Each local school district and charter school must have on file a policy for reading success plans for any pupils in grades kindergarten through four. Each policy must be aligned with the guidelines developed by the Department of Elementary and Secondary Education for reading success plans. Any guidelines for instruction shall meet the needs of the student by ensuring that instruction is explicit and systematic and diagnostic and aligns with structured literacy. Each school must provide supplemental reading instruction under a reading success plan to any student who exhibits a reading deficiency. Each school district and charter school is required to provide training on the administration of reading assessments to all K-5 teachers and any other personnel who provide literacy instruction.
If a student who is provided a reading success plan is determined to not be reading at or above grade level by the end of second grade, the student must receive structured literacy instruction as well as additional support and services. For students in grades 6-12, schools must continue to address the reading deficiencies of any student for whom the deficiency creates a barrier to success in school.
A reading success plan must be created no later than 45 days after the identification of a reading deficiency. Such plan shall be created by the teacher and other pertinent school personnel, along with the parent or legal guardian, and shall describe the evidence-based reading improvement services the student shall receive. The reading success plan shall specify if a student was found to be at risk for dyslexia in the statewide dyslexia screening requirement or if the student has a formal diagnosis of dyslexia.
Each student for whom a reading success plan has been designed shall be given another reading assessment to be administered within 45 days of the end of the student’s fourth-grade year. If such student is determined to be reading below third-grade level, the student is to be referred for an evaluation for an IEP plan and the district must provide appropriate intensive structured literacy instruction on an individualized basis. If the student does not qualify for an IEP, the student will continue to receive appropriate, intensive structured literacy instruction on an individualized basis until the student is reading at grade level.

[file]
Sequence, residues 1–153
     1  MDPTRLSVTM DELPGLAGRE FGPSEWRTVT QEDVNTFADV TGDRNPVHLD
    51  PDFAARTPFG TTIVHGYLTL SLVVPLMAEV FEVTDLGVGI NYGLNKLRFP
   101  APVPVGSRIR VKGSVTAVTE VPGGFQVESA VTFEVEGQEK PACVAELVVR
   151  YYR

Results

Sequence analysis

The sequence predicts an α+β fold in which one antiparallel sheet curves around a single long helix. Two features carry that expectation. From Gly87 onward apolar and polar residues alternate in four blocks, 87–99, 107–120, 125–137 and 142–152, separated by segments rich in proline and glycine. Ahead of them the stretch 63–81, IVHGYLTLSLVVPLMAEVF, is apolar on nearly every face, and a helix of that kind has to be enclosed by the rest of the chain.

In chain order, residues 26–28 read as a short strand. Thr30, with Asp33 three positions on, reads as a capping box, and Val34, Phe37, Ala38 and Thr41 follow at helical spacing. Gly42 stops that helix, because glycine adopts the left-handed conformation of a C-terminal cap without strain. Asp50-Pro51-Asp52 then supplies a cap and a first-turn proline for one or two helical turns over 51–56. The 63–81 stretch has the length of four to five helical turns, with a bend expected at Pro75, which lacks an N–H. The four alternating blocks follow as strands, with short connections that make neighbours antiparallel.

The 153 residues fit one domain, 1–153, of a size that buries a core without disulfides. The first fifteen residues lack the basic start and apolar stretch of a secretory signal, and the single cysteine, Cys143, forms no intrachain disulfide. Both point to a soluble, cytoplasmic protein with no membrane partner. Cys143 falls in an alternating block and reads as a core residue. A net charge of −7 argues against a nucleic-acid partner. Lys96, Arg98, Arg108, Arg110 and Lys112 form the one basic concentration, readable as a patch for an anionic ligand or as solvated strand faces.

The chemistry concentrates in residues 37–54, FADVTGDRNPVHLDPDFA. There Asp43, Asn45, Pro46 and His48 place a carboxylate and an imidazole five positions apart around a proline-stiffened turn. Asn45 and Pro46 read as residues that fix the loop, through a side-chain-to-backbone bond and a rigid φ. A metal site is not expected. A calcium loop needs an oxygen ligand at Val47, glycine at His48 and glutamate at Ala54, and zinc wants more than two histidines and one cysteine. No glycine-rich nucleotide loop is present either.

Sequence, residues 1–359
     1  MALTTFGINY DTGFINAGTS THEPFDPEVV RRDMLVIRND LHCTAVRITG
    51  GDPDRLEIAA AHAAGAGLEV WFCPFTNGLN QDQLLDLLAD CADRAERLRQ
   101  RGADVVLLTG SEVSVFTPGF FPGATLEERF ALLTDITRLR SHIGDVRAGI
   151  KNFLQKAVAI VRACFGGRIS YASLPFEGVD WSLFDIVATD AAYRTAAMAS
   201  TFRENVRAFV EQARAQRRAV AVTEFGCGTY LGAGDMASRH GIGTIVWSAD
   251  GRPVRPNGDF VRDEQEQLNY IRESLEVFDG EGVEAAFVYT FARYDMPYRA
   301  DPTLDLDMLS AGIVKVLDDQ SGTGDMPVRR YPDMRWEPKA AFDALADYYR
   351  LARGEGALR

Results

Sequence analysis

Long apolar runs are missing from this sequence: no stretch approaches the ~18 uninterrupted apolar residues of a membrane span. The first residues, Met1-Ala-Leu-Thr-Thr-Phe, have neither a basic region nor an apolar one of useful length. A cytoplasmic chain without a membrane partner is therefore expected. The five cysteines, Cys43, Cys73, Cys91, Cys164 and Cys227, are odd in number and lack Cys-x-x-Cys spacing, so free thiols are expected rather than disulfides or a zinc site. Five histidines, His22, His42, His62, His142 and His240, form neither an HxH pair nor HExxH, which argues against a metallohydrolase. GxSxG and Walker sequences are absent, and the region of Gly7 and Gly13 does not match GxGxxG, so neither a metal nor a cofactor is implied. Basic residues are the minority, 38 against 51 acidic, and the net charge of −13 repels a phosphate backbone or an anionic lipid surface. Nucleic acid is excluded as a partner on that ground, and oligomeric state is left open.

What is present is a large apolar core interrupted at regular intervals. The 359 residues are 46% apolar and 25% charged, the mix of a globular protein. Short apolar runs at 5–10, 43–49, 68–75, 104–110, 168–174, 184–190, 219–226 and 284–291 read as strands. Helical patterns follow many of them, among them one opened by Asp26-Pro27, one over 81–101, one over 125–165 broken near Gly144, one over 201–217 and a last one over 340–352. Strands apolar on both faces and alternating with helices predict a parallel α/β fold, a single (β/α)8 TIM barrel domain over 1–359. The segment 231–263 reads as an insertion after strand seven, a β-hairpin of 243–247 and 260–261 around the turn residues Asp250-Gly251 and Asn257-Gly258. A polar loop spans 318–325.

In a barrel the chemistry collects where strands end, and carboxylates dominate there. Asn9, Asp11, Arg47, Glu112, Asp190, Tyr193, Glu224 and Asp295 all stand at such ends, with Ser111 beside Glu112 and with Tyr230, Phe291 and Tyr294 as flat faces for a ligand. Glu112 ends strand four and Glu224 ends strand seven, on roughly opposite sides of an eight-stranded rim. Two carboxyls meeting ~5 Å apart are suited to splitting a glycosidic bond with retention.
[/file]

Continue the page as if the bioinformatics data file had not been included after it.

Each school district and charter school is required to offer summer school reading instruction to any student with a reading success plan. Districts may fulfill the requirement through cooperative arrangements with neighboring districts. The parent or legal guardian of any K-5 student who exhibits a deficiency in reading must be notified.
The bill creates the Literacy Advisory Council within the Department of Elementary and Secondary Education. The council would include 15-20 members appointed by the Commissioner of Education. The advisory council would meet biannually to review best practices in literacy instruction and related policies, and make recommendations to the Commissioner and the State Board of Education.
DESE, in conjunction with the Advisory Council would create a list of approved materials, resources, and curriculum programs for public school districts and charter schools. The only materials, resources, or curriculum programs that a district or charter school could use would be required to come from the DESE approved list dictated by the advisory council.
Budget gets House Committee approval
The state budget is moving though the legislative process. This week the budget was approved by the House Appropriations Committee. The next step in the budget process is for the budget to be debated by the full House.
Most of the budget remained unchanged. A couple of provisions were added in the House Committee Substitute. $2 million was added for an organization in the city of St. Louis that is focused on improving public schools by investing in strategic planning, data analysis, teacher and leadership development, and school and district redesign. This money will most likely go to The Opportunity Trust, an out-of-state organization that is meddling in the operation of the St. Louis Public Schools as well as the Normandy School District. The operations of the Opportunity Trust undermine public education and works toward the privatization of schools.
The budget also includes $5 million for deferred maintenance for specific charter schools. It is believed that the money would go to Kipp Charter schools. Changes could be made in the language to open this up to all charter schools.